California’s Air Resources Board (CARB) has passed a new rule that says all commercial trucks and vans sold in the state in 2045 must be zero-emission, in a bid to move the industry away from the dirty and harmful diesel engines that currently power most of these vehicles.
It’s the first rule of its kind in the United States, and it follows California’s 2018 decision to mandate that transit agencies purchase all-electric buses starting in 2029, as well as its long-standing Zero Emission Vehicle (ZEV) program for passenger cars and trucks.
Other milestones will need to be hit in the years leading up to that date, too. California regulators are mandating that half of all trucks sold in the state must be zero-emission by 2035. All short-haul drayage vehicles in ports and rail yards must be zero-emission by 2035 as well, and all last-mile delivery trucks and vans must be switched over by 2040. Smaller sales requirements go into effect as early as 2024.
It’s a bold move that should help curb one of the worst-polluting sectors of the transportation industry. Despite only making up 7 percent of vehicles on the road in California, diesel trucks account for 70 percent of the state’s smog-causing pollution and 80 percent of diesel soot emitted, according to CARB.
California’s new rule could have much broader consequences, too, thanks to its role as a standard bearer for clean air regulations. To date, 14 other states have adopted its progressive ZEV program for passenger vehicles, which was launched in the early 1990s and has spurred automakers into developing hybrid and fully electric cars. And last year, in the face of the Trump administration’s rollback of an Obama-era fuel economy standard meant to fight the climate crisis, California developed its own rule that Ford, Volkswagen, BMW, and Honda have signed onto.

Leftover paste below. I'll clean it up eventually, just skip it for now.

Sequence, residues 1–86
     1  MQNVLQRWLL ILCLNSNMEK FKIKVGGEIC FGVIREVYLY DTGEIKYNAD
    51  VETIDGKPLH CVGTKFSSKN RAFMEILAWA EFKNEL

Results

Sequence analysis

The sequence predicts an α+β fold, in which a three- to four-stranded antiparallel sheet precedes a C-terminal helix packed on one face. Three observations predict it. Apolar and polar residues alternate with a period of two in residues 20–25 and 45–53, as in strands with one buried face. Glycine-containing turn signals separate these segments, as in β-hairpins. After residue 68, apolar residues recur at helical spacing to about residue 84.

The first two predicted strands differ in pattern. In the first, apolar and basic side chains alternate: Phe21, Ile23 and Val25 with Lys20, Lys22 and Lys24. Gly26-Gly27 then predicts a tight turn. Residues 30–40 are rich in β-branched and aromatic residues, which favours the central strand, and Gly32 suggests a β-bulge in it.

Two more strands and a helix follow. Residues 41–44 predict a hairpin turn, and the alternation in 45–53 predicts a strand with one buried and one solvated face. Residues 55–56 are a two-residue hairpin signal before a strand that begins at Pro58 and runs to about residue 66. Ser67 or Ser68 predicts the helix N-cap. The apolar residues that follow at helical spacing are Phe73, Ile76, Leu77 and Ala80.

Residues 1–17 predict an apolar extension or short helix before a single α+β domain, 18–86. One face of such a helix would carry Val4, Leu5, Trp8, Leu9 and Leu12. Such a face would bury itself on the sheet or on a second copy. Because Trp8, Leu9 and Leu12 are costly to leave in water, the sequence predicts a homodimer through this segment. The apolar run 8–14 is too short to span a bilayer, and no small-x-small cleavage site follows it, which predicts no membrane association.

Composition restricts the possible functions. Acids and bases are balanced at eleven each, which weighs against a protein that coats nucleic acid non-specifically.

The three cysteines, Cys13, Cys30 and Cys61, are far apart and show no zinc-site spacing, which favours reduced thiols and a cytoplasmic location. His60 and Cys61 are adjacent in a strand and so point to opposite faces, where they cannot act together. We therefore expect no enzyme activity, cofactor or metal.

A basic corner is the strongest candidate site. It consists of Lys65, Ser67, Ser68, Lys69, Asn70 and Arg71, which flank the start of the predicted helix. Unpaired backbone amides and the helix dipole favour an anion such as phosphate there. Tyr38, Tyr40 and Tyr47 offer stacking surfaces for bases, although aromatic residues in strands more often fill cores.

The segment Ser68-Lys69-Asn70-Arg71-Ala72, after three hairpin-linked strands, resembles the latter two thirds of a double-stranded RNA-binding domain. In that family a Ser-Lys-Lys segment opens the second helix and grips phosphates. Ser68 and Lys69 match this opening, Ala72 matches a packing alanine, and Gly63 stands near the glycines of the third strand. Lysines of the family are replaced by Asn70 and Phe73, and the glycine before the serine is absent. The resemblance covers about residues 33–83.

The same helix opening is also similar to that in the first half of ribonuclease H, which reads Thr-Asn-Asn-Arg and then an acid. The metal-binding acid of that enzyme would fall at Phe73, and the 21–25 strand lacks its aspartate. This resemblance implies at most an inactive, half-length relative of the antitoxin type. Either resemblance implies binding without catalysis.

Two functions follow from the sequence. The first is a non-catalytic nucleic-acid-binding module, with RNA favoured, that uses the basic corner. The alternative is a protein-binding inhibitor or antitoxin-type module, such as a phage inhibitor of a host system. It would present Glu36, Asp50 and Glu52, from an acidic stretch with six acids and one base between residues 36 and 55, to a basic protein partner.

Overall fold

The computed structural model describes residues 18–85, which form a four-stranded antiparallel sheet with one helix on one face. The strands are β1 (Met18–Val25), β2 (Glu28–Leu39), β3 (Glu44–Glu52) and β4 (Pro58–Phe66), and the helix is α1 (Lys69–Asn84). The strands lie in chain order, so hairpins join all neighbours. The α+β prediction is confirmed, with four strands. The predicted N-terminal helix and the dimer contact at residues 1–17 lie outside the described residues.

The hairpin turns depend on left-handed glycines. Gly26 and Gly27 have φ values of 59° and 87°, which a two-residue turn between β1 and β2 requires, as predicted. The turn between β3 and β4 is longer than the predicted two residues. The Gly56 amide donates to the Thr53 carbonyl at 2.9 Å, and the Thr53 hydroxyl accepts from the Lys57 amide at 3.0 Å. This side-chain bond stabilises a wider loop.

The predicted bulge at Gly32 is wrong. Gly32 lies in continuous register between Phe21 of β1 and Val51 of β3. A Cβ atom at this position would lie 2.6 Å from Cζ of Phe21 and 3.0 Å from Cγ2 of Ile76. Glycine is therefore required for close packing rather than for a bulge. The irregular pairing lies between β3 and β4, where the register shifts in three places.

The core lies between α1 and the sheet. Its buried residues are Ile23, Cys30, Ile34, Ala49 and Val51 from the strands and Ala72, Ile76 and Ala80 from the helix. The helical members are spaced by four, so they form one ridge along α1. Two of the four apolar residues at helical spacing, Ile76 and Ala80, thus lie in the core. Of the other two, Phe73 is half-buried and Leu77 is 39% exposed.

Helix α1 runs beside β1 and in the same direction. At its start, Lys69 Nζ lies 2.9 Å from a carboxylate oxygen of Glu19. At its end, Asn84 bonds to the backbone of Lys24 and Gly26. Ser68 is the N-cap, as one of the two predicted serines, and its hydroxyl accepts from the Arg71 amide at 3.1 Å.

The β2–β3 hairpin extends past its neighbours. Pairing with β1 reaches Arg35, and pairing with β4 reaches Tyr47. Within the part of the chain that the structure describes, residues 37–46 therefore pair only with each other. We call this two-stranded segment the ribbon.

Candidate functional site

With that in mind, California says it’s already in talks with seven states and the District of Columbia, which may adopt the new zero-emission trucking rule.
The new commercial transport rule also represents a step forward in the fight for environmental justice, as the air pollution generated by delivery hubs and ports disproportionately harms California’s Black, Asian, and Latinx communities.
“For decades, while the automobile has grown cleaner and more efficient, the other half of our transportation system has barely moved the needle on clean air,” Mary Nichols, the head of CARB, said in a statement. “Diesel vehicles are the workhorses of the economy, and we need them to be part of the solution to persistent pockets of dirty air in some of our most disadvantaged communities.”
Trucking industry groups pushed back on CARB’s development of the rule. But multiple manufacturers already have zero-emission trucks and vans on the road, and many more are coming. They’re being developed and designed by established companies like Daimler, Tesla, Volvo, and China’s BYD, and from startups like Chanje, Arrival, Nikola, and Rivian (which is building 100,000 electric delivery vans for Amazon).